Perth-based energy giant Scottish & Southern Energy (SSE), which was seeking £130 million in damages from engineering contractor, Hochtief Solutions AG, following the collapse of a tunnel at a Fort Augustus hydro-electric scheme in 2009, has won its appeal.
By a majority of two-to-one, the Inner House of the Court of Session allowed a reclaiming motion by Scottish & Southern Energy (SSE) Generation against a Commercial Court ruling that Hochtief Solutions AG was not liable for the collapse at the Glendoe scheme in 2009, although the commercial judge at that stage had awarded £1 million to SSE to reflect the period during which the electricity generation scheme was out of operation.
The Glendoe scheme was constructed between 2006 and 2008. It began operating in January 2009, but just seven months later it ceased to generate electricity. SSE discovered that rock material had fallen into the tunnel leading to a complete blockage. Having lost substantial amounts of revenue while the scheme was out of commission, SSE asked Hochtief to carry out the remedial works, but a dispute arose about whether the collapse was as a result of a defect in the design or in the construction.
In its defence, Hochtief contended that it had completed the works in accordance with the contract, and that SSE had assumed the risk of the collapse at takeover.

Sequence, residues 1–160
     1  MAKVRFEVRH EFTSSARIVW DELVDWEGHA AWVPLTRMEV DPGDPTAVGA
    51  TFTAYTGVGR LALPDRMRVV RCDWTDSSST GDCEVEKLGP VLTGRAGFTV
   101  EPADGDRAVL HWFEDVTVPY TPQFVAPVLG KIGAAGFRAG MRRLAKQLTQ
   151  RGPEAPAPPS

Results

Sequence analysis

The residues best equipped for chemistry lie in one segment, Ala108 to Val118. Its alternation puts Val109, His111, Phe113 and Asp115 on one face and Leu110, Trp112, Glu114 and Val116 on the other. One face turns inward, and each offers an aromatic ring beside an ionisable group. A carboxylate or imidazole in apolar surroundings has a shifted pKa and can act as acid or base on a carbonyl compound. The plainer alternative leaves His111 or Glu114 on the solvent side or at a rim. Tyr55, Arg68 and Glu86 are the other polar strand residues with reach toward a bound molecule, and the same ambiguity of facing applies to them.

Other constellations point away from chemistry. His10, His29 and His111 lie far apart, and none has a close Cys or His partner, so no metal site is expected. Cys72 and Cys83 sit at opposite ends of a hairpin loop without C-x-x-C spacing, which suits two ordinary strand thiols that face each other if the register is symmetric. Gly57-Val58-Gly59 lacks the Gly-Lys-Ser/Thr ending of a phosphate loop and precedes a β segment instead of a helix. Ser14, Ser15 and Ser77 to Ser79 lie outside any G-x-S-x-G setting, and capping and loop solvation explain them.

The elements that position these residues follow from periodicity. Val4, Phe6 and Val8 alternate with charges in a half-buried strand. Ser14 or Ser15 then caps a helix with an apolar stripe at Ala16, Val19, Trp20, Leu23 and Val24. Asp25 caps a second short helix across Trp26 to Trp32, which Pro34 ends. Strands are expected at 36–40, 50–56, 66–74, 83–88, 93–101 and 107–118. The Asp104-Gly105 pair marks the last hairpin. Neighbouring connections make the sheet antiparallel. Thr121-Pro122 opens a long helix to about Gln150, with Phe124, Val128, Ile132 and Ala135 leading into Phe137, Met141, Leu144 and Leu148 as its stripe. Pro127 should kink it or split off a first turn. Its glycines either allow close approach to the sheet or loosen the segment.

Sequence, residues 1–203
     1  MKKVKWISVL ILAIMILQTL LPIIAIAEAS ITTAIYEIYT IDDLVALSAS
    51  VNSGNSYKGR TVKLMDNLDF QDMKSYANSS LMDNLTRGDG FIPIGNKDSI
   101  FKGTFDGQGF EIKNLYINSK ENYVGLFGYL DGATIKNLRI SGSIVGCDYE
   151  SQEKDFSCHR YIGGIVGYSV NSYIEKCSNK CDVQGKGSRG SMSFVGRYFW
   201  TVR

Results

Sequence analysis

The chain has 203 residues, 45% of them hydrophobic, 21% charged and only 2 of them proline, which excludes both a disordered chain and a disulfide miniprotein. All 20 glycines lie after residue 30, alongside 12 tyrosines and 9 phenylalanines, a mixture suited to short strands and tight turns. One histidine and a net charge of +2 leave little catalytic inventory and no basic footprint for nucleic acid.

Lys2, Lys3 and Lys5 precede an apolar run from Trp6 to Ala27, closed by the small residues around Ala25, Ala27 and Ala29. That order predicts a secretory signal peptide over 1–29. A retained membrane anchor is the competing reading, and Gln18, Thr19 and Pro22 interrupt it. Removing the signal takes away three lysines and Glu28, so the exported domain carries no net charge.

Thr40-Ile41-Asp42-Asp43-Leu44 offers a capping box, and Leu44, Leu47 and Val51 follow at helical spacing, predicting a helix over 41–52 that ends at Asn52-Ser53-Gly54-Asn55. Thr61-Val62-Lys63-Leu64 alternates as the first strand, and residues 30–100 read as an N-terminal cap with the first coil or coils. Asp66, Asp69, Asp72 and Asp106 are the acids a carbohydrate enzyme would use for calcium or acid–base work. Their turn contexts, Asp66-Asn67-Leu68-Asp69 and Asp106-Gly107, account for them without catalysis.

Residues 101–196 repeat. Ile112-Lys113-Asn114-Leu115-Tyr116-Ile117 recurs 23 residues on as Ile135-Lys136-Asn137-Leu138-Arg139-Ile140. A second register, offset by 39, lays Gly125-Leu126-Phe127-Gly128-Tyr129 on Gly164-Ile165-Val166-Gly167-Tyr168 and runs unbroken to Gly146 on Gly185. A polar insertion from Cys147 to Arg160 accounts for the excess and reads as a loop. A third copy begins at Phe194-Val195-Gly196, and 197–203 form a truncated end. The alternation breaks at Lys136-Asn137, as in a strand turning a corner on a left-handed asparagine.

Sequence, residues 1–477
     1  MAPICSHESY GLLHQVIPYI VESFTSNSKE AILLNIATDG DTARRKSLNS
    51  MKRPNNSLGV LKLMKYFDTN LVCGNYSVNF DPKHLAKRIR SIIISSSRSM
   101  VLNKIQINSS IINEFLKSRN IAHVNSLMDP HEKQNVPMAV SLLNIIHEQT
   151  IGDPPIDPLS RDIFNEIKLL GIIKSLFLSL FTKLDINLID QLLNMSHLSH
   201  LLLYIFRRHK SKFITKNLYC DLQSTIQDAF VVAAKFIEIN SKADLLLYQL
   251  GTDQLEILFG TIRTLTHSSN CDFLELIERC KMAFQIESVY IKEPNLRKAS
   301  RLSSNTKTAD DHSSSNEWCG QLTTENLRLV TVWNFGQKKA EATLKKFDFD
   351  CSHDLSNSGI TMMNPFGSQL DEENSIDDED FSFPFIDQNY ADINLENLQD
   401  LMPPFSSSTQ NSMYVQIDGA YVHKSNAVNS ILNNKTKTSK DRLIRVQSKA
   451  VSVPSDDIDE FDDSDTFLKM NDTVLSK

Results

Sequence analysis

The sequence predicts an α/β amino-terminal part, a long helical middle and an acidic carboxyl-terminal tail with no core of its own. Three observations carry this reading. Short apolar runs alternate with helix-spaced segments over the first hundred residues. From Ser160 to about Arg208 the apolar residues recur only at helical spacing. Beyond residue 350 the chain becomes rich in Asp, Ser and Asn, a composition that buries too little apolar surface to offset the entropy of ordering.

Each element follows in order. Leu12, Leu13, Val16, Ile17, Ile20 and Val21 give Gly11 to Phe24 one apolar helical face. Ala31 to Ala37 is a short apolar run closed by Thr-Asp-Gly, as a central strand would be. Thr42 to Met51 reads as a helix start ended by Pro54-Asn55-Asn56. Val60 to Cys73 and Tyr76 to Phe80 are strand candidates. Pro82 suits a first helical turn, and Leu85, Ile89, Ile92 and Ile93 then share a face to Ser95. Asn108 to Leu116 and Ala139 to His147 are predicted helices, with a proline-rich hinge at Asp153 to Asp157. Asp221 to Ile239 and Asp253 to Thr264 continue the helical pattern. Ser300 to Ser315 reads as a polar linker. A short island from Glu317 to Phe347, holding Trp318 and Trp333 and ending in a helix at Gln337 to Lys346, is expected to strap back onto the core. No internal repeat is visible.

The collapse occurred in a part of the tunnel that lay in a geological area known as the Conagleann Fault Zone (CFZ); a tear in the ground caused by an ancient earthquake and is an area in which rock conditions for tunnelling could be anticipated to be difficult. The engineering geologists had been aware of this before construction began and had expected to find poor rock conditions there, but found none – so they saw no reason to reinforce the tunnel perimeter in that section. However, the collapse was found to be caused by insufficient support.
Having heard the evidence of a number of experts in tunnelling construction, the commercial judge held that Hochtief was not liable, having been satisfied that the company exercised “reasonable skill and care”. SSE appealed, and Lord Menzies and Lord Glennie disagreed on the question of whether the collapse of the tunnel was due to a defect which existed at takeover, with Lord Glennie concluding that the defence of having used reasonable skill and care to ensure that the design complied with the works information was not available to the contractor.
Lord Glennie wrote: “I consider that the collapse of the tunnel was indeed due to a defect existing at takeover. Further, I consider that that defect was not due to the contractor’s design of the works but rather to the implementation of that design.”